Surely a poor use of time, to be consumed by an election for upwards of a year and a half. Now With All Due Respect is off the air and Morning Joe is less interesting and the WaPo has suffered as well. I miss the intense engagement, waking up every morning to see what fresh Trumpian gaffe turned up, or what legal troubles and indictments Hillary might face due to her numerous transgressions.
No wonder there were so many celebrity deaths just after the election - people wanted to hang on to dear life just to see the results. It's uncanny how many died just after Nov 8th: Glen Ifill, Robert Vaughn, Leonard Cohen, Florence Henderson, John Glenn, Alan Thicke, Zsa Zsa Gabor...
Over the same period in 2015, only semi-famous Robert Loggia died. People die more frequently during winter, likely from lack of motivation, similarly post-election.
The election was fascinating because the two major parties contributed patently ridiculous candidates - a would-be jailbird and a "reality" show star. That alone was a first in my lifetime (in most elections, there are two credible candidates, such as Bush v Gore or Bush v. Kerry).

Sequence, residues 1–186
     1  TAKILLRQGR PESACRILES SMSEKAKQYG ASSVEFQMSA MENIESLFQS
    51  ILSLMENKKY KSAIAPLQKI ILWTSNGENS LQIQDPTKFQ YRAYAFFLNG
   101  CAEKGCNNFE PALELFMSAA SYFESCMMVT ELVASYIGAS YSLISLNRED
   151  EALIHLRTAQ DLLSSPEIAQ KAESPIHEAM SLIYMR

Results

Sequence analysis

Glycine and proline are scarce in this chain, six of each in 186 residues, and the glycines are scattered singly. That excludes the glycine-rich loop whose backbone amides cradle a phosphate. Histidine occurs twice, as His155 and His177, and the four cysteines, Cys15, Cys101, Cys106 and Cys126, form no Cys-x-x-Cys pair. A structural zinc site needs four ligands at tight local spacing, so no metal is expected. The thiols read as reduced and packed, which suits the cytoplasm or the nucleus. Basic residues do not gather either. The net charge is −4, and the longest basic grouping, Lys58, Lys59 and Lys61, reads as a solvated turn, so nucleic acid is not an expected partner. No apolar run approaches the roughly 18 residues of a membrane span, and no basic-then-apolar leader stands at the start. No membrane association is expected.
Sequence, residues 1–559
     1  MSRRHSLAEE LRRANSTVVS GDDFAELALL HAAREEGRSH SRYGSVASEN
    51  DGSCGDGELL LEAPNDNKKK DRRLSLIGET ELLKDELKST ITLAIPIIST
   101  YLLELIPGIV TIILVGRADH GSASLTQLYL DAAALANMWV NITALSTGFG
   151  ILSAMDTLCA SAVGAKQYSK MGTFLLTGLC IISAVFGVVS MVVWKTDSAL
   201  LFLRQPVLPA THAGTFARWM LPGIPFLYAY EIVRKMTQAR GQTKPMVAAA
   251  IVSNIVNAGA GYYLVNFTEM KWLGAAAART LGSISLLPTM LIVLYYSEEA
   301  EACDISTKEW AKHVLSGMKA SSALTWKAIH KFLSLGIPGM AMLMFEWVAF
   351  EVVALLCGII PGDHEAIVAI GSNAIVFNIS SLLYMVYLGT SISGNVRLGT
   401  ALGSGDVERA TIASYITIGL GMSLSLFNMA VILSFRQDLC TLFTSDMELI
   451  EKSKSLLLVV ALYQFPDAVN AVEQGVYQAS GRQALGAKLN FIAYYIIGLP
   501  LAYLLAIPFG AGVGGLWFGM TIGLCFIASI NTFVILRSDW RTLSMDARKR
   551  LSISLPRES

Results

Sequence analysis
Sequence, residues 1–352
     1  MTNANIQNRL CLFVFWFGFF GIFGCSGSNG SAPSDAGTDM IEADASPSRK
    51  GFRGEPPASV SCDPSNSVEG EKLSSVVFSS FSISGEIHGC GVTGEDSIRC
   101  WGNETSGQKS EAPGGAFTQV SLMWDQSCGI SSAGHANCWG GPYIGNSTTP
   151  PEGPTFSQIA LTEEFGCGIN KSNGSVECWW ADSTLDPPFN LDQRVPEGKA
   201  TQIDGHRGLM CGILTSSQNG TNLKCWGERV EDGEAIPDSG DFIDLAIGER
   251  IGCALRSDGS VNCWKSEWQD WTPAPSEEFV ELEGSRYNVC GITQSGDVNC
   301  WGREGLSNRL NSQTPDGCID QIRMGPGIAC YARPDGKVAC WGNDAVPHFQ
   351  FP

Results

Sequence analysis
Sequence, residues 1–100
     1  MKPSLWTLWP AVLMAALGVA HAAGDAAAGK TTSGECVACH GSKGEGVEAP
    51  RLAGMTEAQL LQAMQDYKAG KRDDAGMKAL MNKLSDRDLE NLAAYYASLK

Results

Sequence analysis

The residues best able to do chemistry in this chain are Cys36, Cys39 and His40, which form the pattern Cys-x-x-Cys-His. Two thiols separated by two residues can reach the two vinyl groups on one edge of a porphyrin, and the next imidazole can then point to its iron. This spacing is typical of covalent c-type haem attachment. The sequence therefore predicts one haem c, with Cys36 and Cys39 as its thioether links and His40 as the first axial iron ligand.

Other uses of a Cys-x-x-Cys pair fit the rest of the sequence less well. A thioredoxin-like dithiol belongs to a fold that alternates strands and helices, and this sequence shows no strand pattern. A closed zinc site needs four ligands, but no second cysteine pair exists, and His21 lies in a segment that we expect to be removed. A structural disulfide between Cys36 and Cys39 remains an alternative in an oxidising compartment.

Second it was fascinating to see how this con man, this carny barker, could get the august GOP nomination and then win the general. He was a blowhard, didn't everybody see this? I recall being shocked very, very early in the election season when at a family gathering my brother-in-law said he supported Trump. First off because my bro-in-law is a financially struggling blue collar guy who has worked extremely hard and here he was supporting a plutocrat-rich man who inherited most of his wealth. It seemed an audacious fit. Then too I was surprised simply because he supported mostly Democrats in the past and was no friend to the GOP. I realized then that Trump had something of a cult following. It felt like there was something in the air, in the culture, that I was completely oblivious to.
I used to feel like I was plugged into politics if not pop culture, but now I can claim neither. The race was also fascinating in part for the solipsistic reason that it told me something about me, namely how out of touch I am.
Elsewhere, I was surprised to learn how the earth was once pounded so hard that 70% of all vertebrates died:
The K-T [dinosaur] extinction was not the first such massive die-off in history, nor was it the largest. The Permian-Triassic extinction event, known as the Great Dying, occurred 251.4 million years ago and eradicated 96 percent of all marine species and 70 percent of all terrestrial vertebrates species on earth.